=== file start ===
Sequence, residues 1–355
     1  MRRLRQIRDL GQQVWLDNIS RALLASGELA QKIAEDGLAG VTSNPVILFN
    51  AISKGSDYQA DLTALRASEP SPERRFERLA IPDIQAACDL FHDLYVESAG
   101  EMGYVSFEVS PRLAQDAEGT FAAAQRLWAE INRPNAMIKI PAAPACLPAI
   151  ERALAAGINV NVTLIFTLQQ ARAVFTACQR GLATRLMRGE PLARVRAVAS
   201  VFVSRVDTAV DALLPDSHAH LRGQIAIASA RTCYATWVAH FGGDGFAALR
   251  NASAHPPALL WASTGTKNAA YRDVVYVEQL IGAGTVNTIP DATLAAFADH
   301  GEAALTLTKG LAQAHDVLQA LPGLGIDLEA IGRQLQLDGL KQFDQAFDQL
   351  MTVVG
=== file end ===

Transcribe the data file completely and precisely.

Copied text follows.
Sequence, residues 1–355
     1  MRRLRQIRDL GQQVWLDNIS RALLASGELA QKIAEDGLAG VTSNPVILFN
    51  AISKGSDYQA DLTALRASEP SPERRFERLA IPDIQAACDL FHDLYVESAG
   101  EMGYVSFEVS PRLAQDAEGT FAAAQRLWAE INRPNAMIKI PAAPACLPAI
   151  ERALAAGINV NVTLIFTLQQ ARAVFTACQR GLATRLMRGE PLARVRAVAS
   201  VFVSRVDTAV DALLPDSHAH LRGQIAIASA RTCYATWVAH FGGDGFAALR
   251  NASAHPPALL WASTGTKNAA YRDVVYVEQL IGAGTVNTIP DATLAAFADH
   301  GEAALTLTKG LAQAHDVLQA LPGLGIDLEA IGRQLQLDGL KQFDQAFDQL
   351  MTVVG